Ozawa, on top again

Ozawa Ichiro has granted an interview to Asahi (one of the papers he didn’t single out for criticism in his “parting” remarks) in which he reviews the circumstances surrounding the meetings with Prime Minister Fukuda that resulted in his decision to resign, his plans for a general election campaign, and the DPJ’s policy goals.

With a confidence that is perhaps the result of being firmly in control of his party, Mr. Ozawa is defiant and seemingly free of doubts surrounding his position and that of his party.

In recounting his discussion with Mr. Fukuda, he denied that they discussed the timing of a snap election or the distribution of cabinet posts in an LDP-DPJ grand coalition. But he did, as Amaki Naoto notes, “even now assert with amazing self-confidence and arrogance that the grand coalition plan was right,” suggesting that the plan would have given the DPJ an opportunity to pass its cherished policy goals, enhancing its position for an election and helping DPJ members “know power.” He also snapped at opponents within the DPJ. When asked about rumors that he was considering leaving the party with enough members to throw the Upper House back to the government, he said, “Isn’t it stupid? It’s awful that there is a group of people within the party who say such foolish things.”

As for his party’s strategy, he insists that winning the next election comes first — indeed, winning elections is the only thing that matters. He suggested, regarding the party’s plan to aim merely to become the Lower House’s largest party, that the DPJ is open to a coalition with all parties — Communists included — except the LDP. He demurred when asked about conditions that could lead to a snap election, and declined to say whether the DPJ would push for an Upper House censure motion in the event of the government’s passing its anti-terror law over an Upper House veto.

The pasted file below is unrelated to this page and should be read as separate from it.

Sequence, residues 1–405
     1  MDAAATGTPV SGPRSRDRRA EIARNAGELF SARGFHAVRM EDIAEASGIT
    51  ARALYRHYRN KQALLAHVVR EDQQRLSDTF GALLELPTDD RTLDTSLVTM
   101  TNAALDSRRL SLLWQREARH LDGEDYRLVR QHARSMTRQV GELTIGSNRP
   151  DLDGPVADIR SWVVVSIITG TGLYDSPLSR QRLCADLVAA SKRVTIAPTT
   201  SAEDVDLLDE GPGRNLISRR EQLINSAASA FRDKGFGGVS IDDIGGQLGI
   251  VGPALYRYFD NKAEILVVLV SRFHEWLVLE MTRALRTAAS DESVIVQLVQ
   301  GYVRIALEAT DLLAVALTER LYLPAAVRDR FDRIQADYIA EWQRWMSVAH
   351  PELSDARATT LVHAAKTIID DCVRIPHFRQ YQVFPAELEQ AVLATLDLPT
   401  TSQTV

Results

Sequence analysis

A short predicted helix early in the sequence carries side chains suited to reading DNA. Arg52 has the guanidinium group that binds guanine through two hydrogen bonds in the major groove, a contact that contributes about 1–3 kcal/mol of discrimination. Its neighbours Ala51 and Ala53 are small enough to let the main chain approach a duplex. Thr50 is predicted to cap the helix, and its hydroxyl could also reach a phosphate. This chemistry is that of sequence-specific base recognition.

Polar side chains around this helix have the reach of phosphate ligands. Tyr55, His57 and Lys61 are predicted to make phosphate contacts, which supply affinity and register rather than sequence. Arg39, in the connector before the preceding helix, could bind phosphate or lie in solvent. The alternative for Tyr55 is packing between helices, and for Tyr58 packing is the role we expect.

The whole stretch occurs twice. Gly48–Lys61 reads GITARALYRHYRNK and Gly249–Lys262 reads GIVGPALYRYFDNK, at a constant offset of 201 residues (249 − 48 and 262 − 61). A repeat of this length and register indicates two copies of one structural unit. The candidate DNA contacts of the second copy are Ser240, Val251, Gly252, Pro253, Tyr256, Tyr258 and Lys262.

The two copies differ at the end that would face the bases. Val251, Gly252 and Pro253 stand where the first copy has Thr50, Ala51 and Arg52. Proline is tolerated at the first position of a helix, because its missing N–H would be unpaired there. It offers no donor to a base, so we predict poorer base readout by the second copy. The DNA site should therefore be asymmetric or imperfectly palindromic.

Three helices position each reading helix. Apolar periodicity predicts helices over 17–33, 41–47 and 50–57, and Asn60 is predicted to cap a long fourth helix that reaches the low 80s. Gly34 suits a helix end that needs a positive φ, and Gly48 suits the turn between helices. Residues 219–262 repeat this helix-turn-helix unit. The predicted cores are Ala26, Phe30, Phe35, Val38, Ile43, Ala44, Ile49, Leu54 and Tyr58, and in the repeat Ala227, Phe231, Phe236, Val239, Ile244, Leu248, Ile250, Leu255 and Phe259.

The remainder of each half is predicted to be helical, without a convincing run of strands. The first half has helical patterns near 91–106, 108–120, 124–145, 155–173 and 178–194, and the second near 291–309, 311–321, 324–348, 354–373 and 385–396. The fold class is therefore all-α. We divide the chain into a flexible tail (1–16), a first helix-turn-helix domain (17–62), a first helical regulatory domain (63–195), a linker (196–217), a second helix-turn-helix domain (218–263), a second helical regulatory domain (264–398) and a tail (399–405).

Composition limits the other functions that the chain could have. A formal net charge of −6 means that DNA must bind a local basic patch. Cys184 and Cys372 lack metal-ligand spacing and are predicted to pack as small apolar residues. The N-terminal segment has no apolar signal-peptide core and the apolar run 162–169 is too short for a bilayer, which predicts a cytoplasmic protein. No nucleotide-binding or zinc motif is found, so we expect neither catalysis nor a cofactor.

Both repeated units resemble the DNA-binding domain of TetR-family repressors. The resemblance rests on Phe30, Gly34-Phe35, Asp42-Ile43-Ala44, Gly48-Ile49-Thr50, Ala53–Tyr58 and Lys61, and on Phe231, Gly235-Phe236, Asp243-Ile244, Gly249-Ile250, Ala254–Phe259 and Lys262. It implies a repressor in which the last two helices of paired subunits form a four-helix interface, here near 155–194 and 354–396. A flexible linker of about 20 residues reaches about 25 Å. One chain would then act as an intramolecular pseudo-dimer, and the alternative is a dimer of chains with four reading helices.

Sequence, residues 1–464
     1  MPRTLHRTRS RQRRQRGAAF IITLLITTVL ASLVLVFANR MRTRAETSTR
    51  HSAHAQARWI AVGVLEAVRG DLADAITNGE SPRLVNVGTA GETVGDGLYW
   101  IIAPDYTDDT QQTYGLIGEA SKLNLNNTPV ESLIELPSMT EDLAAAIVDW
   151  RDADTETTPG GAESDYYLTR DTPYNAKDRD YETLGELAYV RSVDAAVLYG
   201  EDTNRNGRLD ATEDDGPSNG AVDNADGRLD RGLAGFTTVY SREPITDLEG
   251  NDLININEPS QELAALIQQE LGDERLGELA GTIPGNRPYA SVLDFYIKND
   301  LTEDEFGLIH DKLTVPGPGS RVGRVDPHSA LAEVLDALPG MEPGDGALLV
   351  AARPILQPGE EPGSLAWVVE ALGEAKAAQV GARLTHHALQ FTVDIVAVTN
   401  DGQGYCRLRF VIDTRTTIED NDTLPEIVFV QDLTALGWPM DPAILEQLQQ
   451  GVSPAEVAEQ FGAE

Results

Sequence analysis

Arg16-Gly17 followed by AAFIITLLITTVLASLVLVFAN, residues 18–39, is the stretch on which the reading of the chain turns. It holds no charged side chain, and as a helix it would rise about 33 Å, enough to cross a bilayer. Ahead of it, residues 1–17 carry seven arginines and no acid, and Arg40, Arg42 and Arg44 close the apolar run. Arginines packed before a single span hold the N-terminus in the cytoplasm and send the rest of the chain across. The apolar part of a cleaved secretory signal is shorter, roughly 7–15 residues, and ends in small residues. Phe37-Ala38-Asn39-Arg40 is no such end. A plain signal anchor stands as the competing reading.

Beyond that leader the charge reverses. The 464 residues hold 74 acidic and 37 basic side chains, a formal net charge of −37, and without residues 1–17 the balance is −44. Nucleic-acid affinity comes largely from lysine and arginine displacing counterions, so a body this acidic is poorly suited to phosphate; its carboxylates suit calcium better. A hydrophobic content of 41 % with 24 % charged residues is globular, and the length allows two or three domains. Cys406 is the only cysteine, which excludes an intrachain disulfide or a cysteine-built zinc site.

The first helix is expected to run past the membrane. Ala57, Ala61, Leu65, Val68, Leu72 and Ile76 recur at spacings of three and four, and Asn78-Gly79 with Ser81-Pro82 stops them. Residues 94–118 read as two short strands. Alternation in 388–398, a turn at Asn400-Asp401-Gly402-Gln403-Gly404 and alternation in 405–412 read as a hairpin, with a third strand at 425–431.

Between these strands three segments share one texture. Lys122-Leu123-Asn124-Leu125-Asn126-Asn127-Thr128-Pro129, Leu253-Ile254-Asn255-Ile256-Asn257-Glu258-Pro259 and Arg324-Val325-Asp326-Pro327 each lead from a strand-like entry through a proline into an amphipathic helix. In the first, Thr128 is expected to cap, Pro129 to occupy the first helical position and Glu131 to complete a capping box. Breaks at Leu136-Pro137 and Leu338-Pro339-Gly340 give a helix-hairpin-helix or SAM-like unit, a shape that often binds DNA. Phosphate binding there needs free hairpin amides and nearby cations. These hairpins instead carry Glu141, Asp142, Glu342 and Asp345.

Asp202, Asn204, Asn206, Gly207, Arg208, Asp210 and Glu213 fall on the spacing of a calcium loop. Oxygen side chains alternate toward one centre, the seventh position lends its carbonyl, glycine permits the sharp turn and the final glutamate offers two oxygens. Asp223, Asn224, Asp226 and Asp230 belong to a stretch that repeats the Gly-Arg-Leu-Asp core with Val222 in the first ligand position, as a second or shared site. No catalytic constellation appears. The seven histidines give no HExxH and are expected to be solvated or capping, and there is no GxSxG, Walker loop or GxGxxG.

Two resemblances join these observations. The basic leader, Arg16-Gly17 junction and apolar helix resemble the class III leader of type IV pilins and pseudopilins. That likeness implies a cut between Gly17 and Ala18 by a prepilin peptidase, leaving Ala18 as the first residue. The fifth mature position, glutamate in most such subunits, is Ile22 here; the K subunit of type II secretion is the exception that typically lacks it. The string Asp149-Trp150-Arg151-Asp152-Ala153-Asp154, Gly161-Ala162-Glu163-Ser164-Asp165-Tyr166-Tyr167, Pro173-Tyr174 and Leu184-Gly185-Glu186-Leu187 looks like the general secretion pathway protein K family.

Meanwhile, as far as policy goes, I detect a desire on Mr. Ozawa’s part to shift the discussion away from foreign policy and the Afghanistan mission and back to the “lifestyle” issues that helped the DPJ win in July, the issues about which the Japanese people actually care. Indeed, asked about ISAF participation, he said, “Since we promised participation in UN activities to the people in our manifesto, from now on we will not speak of a debate. Why this simple debate is not understood — it’s a mystery to me and can’t be helped.” Finally, he both dismissed the idea of a compromise with the LDP on a permanent law on JSDF dispatch and suggested that a DPJ government would prepare to revise the constitution to make provisions for JSDF dispatch.

In short, as is widely assumed, a DPJ government, especially one led by Mr. Ozawa, would differ very little from LDP rule. Beyond the policy questions, of course, there could be value to a DPJ victory in producing alternation of ruling parties, but then, if the DPJ doesn’t try to take a majority of its own, a DPJ victory would just result in a sloppy reenactment of 1993 (especially if the JCP were to join a coalition government).

For my part, I think Mr. Ozawa comes across as arrogant in this interview, and, as I suspected, he seems to be in more control of the DPJ than ever before.

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